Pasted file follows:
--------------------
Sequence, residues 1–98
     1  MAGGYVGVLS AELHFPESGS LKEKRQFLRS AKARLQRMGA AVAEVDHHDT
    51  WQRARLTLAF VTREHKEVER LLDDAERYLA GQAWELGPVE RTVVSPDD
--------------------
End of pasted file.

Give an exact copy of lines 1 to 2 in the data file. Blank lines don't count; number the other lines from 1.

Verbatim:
Sequence, residues 1–98
     1  MAGGYVGVLS AELHFPESGS LKEKRQFLRS AKARLQRMGA AVAEVDHHDT